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Fitz-Hugh-Curtis Syndrome (FHCS) is a clinical entity characterized by inflammation of the liver capsule associated with genital tract infection. The aim of this study is to provide physicians with clinical suggestions for diagnostic approaches based on a series of patients who were diagnosed with FHCS.
We conducted a retrospective study of patients who were diagnosed with FHCS after presenting to the emergency department (ED). The symptoms, physical examinations, laboratory findings, radiological findings, and progress of the patients were reviewed.
During the four-year study period, a total of 82 female patients received a final diagnosis of FHCS in the ED. Chlamydia trachomatis was identified as a pathogen in 89% of the patients. Their clinical characteristics and laboratory findings were described. Fifty-two patients (63.4%) were admitted to the hospital. All of the admitted patients improved after treatment combining antibiotic therapy with conservative care.
FHCS should be considered as a differential diagnosis for female patients of childbearing age with right upper abdominal pain. Timely diagnosis using biphasic computed tomography (CT) with arterial and portal phases may help ensure adequate medical treatment as well as avoid invasive procedures.
Fitz-Hugh-Curtis Syndrome (FHCS) is characterized by inflammation of the perihepatic capsules associated with pelvic inflammation, without involvement of the hepatic parenchyma.1,2 A definitive diagnosis can be made based on detection of violin string-like adhesions or identification of causative organisms in hepatic capsular lesion specimens, which requires laparoscopy or laparotomy.3,4 The use of noninvasive diagnostic procedures is desirable, considering that FHCS is a benign condition that can be completely cured by the oral administration of appropriate antibiotics.4
As the symptoms or physical findings of FHCS mimic other diseases, such as acute cholecystitis, a high index of suspicion is significant.5,6 Increased enhancement along the hepatic surface on computed tomography (CT) may suggest the diagnosis of FHCS.4,7 Recent studies demonstrated that dynamic abdominal CT, including an arterial phase scan, can significantly improve the depiction of perihepatic enhancement.8,9 Using this technique, the sensitivity and the accuracy of diagnosing FHCS can be markedly increased during the evaluation of female patients with acute right upper quadrant (RUQ) pain or suspicions of FHCS.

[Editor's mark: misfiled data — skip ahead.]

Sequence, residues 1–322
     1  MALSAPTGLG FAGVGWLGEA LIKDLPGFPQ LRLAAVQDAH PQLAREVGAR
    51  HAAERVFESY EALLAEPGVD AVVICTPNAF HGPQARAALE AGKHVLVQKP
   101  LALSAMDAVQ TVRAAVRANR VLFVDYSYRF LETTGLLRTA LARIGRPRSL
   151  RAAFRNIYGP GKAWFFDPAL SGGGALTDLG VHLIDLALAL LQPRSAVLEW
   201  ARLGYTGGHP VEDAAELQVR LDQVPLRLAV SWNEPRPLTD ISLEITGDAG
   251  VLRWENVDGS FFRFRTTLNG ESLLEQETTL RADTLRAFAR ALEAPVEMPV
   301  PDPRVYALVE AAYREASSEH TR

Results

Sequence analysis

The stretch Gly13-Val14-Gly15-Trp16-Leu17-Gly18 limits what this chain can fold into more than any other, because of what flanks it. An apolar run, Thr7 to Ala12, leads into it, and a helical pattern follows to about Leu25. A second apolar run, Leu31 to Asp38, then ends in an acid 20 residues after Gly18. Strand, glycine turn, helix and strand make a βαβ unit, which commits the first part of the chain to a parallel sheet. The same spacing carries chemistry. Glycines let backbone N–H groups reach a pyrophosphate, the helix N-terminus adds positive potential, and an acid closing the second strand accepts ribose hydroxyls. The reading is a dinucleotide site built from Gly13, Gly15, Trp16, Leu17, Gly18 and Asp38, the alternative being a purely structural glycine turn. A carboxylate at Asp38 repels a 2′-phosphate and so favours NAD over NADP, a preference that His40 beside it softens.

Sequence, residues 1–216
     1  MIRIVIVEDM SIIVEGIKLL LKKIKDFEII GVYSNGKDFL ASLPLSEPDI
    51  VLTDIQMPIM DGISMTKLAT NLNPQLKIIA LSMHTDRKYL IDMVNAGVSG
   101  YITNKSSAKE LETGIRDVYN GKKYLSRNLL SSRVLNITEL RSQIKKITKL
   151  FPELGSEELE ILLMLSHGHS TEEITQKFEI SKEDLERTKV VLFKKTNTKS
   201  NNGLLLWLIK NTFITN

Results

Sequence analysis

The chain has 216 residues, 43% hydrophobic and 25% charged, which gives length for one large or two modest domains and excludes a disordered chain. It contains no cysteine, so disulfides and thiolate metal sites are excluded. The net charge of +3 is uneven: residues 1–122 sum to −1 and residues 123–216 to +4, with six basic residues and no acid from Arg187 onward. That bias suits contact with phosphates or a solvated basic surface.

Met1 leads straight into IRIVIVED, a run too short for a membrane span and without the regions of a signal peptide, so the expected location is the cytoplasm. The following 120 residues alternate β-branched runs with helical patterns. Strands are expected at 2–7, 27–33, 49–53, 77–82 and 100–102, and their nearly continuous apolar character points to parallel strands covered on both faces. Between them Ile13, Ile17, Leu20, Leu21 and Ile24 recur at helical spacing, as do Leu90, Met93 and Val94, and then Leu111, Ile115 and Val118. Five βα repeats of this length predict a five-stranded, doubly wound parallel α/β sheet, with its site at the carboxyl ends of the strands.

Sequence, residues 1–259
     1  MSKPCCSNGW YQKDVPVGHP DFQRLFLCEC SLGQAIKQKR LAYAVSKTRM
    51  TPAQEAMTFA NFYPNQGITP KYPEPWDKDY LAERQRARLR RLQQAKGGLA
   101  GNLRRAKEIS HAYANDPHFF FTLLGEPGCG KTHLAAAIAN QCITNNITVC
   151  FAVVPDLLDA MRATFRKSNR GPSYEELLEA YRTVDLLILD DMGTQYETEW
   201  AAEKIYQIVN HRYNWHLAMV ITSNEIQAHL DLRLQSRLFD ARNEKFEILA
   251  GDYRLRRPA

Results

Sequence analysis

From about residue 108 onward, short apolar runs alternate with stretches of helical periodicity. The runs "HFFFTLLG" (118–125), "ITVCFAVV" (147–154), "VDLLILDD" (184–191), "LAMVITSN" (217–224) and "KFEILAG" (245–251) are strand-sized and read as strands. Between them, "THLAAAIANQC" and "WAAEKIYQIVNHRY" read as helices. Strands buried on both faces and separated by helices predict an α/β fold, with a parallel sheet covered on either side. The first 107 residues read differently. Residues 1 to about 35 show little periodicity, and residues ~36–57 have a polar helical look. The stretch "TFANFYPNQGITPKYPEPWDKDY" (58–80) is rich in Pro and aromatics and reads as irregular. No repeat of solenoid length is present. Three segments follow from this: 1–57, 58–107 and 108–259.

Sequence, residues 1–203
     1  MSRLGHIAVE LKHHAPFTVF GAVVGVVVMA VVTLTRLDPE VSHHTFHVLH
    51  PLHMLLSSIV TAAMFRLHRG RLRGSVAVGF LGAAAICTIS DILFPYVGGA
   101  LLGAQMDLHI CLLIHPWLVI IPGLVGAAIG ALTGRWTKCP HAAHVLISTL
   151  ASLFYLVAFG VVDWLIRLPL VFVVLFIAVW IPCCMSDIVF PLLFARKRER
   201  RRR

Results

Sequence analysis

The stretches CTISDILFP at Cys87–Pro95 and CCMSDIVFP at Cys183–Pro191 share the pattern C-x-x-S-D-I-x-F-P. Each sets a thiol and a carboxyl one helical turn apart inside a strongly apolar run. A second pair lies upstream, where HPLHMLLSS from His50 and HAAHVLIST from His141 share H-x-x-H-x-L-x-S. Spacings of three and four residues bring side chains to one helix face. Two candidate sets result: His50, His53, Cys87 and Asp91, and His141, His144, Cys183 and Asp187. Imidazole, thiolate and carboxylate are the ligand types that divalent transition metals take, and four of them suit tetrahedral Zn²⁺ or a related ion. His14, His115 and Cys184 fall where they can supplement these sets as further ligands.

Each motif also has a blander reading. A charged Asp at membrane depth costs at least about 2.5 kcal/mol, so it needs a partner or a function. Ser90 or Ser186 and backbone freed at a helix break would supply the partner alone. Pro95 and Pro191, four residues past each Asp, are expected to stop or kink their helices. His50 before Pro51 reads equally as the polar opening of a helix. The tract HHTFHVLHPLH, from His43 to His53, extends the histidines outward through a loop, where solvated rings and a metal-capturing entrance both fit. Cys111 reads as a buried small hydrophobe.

The aim of this study was to provide physicians with clinical suggestions for diagnostic approaches based on an analysis of patients who were diagnosed with FHCS at our institution over a four-year period.
This was a retrospective study of patients diagnosed with FHCS after presenting to the emergency department (ED). The study was reviewed and approved by the institutional review board, and was conducted in an urban teaching hospital ED with an annual load of 40000 patients. All ED records of patients with a final diagnosis of FHCS from August 1, 2004 to July 31, 2008 were retrieved using the hospital information database and the Picture Archiving and Communications System. The exclusion criteria were: 1) patients with the diagnosis of FHCS without undergoing CT; 2) patients with increased enhancement in the arterial phase of CT, along with abnormal findings of the liver parenchyma, gall bladder and biliary system or any other accompanying diseases mimicking FHCS, as interpreted by the attending radiologist; 3) patients with only monophasic (portal phase set only) images without an arterial phase set; 4) patients who underwent surgery on the abdomen within six months; and 5) pediatric (<15 years) patients.
All CT scans were obtained with a multidetector CT (Sensation 16; Siemens Medical System, Forchheim, Germany) using the bolus tracking method. Precontrast CT scans were performed before contrast media injection. The contrast media (2 mL/kg iopromide 300 mgI/mL, Ultravist 300, Schering, Anseong, Korea) was given by a power injector (EnVision CT Injector, Medrad, Pittsburgh, PA, USA) at a rate of 3 mL/s through a 20-gauge catheter.
Late arterial phase images were obtained with a scan delay of 15 seconds after the Hounsfield unit of the abdominal aorta reached 100 HU. The portal venous phase was obtained 20 seconds after the end of the arterial phase. All obtained CT images were evaluated by the attending radiologists without any attempt of blinding. Testing of the collected endocervical swab specimens for detection of C. trachomatis was performed using the polymerase chain reaction (PCR) nucleic acid amplification technique and nucleic acid hybridization by the Roche COBAS® Amplicor™ (Roche Diagnostics, Mannheim, Germany).